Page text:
With All Eyes on Manti Te'o Hoax Story, Deadspin Doesn't Immediately Cash In

Scoop Highlights Difficulty Publishers Face When Traffic Spikes

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Deadspin's blockbuster article revealing that the girlfriend of star Notre Dame linebacker Manti Te'o never existed eclipsed 3.5 million views Thursday evening. But at least in the short term, Deadspin parent company Gawker Media is not cashing in on all those eyeballs.

Gawker Media doesn't regularly work with third-party resellers of ad space (although it has, in the past, experimented with retargeters such as Criteo), so its advertising department had no easy way to sell all the new ad space that the onslaught of page views opened up Wednesday evening.

"Because we don't run any networks or remnant inventory, it's impossible for us to monetize these spikes unless we're already oversold," Gawker Media Chief Advertising Officer Andrew Gorenstein said in an email.

Since Deadspin wasn't oversold, Deadspin couldn't run as many ads as it would have liked.

But Deadspin isn't alone. Web publishers have traditionally had trouble making money off of sudden surges in visits to their site. The rise of real-time bidding for ad space on exchanges can help publishers find buyers for unexpected supply, but the trade-off is often a much lower price for those ads.

Still, the Gawker Media ad team seems to acknowledge that it can't continue to let these opportunities go unmonetized, and says it is exploring creating a private ad marketplace as a solution. The private exchange would give the company the ability to gain some control over which advertisers, or categories of ad buyers, would have the ability to bid on unexpected ad space and at what price they could do so.

"[W]e hope to have a technical solution in place in the coming months to better handle situations like this," James Del, Gawker Media's advertising director, wrote in a follow-up email.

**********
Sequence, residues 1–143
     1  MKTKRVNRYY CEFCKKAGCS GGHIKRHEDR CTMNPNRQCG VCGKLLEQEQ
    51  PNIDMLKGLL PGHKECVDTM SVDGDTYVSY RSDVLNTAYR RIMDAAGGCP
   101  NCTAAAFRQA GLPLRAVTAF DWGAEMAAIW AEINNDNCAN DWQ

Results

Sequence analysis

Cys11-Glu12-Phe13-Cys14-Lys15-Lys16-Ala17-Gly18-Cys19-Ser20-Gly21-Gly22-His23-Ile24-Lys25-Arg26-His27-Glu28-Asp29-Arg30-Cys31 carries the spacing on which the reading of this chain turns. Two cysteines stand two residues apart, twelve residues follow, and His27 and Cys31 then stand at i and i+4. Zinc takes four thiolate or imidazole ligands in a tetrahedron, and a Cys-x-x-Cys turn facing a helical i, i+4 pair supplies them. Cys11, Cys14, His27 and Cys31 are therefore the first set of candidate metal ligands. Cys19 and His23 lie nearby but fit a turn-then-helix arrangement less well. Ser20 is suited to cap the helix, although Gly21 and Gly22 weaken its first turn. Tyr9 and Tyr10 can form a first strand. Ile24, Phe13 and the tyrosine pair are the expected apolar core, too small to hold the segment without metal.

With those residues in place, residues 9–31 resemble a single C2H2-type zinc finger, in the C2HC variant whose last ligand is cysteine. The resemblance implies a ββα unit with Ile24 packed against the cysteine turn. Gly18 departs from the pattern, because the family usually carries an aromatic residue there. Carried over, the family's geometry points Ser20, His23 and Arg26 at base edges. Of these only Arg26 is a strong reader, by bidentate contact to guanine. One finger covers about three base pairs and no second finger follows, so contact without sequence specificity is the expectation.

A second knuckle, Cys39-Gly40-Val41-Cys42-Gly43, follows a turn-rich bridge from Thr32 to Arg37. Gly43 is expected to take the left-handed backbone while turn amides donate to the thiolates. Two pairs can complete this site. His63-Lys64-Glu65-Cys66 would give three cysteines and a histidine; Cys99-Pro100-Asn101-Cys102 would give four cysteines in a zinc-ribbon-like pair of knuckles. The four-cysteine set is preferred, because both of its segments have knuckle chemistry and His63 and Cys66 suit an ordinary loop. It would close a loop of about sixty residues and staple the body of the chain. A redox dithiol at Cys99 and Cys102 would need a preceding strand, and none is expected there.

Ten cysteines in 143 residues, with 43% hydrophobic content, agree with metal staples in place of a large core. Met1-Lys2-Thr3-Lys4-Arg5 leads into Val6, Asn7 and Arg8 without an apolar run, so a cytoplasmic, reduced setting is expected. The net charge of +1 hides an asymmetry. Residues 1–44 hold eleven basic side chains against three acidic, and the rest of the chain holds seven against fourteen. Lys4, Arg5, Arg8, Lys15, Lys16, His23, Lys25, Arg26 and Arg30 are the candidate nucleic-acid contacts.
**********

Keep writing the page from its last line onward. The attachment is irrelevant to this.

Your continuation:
With a good deal of attention still on the story Thursday morning, Gawker's ad team tried to sell a new ad package the traditional way for a "TV tune-in" campaign. But, alas, it didn't work out.

"So after an afternoon of back and forth with one of our partners, the agency and client unfortunately weren't able to pull together the budget and creative fast enough to capitalize on the story," Mr. Del wrote Thursday afternoon. He would not disclose the advertiser.

That failed attempt goes to show that for all the innovation going on in digital media and marketing right now, the agency-advertiser approval process can still derail great opportunities to align a brand with the most popular online conversations at the time.

These situations can be challenging for the Gawker Media advertising department for another reason: Gawker Media articles that contain certain flagged phrases -- such as "dead" -- trigger an alert that removes all ads on the page. While not perfect, the system helps Gawker make sure its advertisers don't have ads running next to the most controversial of posts. In this instance, the sales team quickly made the call that the article was safe to run ads against, but the web page this reporter was looking at still was ad-free for about the first 30 minutes after the article posted.

Still, Mr. Gorenstein and Mr. Del argued that the real value from an article like this can only be evaluated over the long run. Breaking monster stories on a consistent basis, they argued, builds credibility, with the chance to turn some of the new readers into repeat visitors.

Plus, Deadspin may have made a lifelong supporter along the way. Comedian Nick Kroll, whose ads for his Comedy Central series happened to be running on the site on Wednesday, took to Twitter to express his gratitude.

"Thx, @deadspin," he wrote.

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